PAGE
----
medwireNews: People with osteoarthritis (OA) have a significantly higher long-term risk for developing Parkinson’s disease (PD) than those without, researchers report.
The study, based on data from Taiwan’s National Health Insurance database in 2002–2005, included 33,360 patients with OA and the same number of age- and sex-matched controls without OA.
In all, 0.77% of patients in the OA group developed PD during an average follow-up of 7.74 years, compared with 0.61% of the control group during an average follow-up of 8.67 years, translating into incidence rates per 1000 person–years of 0.99 and 0.71, respectively, and a hazard ratio (HR) of 1.41 after adjustment for potentially confounding factors.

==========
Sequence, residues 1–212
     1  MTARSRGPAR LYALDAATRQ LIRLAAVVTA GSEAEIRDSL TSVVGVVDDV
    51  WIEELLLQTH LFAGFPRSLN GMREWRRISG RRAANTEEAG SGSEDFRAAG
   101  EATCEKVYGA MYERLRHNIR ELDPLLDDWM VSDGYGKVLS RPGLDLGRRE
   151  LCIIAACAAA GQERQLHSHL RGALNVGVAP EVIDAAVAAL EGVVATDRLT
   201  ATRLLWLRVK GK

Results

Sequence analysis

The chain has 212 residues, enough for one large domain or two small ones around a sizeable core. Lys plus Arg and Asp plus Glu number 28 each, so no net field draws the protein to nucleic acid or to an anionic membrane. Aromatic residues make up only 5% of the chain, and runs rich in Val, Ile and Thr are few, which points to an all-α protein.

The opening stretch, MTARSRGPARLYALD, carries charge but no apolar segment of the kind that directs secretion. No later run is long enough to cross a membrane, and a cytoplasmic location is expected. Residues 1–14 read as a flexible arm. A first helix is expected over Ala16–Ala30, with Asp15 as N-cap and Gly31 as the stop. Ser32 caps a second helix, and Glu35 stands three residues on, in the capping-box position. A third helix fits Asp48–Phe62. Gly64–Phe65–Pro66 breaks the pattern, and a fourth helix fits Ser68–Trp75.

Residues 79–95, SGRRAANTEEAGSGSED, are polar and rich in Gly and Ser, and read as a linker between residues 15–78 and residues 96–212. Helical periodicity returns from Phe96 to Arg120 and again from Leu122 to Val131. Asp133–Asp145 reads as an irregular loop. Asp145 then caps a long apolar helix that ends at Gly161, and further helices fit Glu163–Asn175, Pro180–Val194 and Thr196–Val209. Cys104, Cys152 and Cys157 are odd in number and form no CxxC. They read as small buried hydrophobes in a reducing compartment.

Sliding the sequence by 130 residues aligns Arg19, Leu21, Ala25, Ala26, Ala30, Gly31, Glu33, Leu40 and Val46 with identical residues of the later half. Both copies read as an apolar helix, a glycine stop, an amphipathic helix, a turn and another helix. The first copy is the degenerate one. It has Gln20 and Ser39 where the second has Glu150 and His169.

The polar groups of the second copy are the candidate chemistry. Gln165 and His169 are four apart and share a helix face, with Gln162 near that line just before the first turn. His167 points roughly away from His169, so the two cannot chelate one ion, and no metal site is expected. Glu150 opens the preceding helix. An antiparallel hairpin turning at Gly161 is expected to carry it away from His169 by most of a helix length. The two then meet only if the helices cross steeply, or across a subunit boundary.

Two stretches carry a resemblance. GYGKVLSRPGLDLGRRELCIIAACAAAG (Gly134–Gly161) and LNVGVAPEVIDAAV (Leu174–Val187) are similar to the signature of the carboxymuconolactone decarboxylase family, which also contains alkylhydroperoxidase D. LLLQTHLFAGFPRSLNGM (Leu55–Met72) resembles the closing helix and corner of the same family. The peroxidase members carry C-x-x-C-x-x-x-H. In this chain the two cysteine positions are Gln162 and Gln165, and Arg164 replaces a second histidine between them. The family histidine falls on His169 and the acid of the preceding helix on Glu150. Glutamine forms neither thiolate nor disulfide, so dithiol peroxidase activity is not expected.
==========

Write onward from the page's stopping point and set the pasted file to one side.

Shin-Liang Pan (National Taiwan University Hospital, Taipei) and co-investigators note that patients with knee or hip OA “appeared to have a higher magnitude of PD risk” relative to controls (adjusted HR=1.55) than patients with non-knee and non-hip OA or those with uncategorized OA (adjusted HRs=1.42 and 1.32, respectively).
“[O]ur findings suggest that clinicians need to be more vigilant about the risk of PD among their OA patients,” write Pan et al in Arthritis Care & Research.
They hypothesize that the association “may be mediated through cytokine-elicited neuroinflammation,” and highlight the need for “[f]urther studies […] to explore the underlying mechanism(s).”
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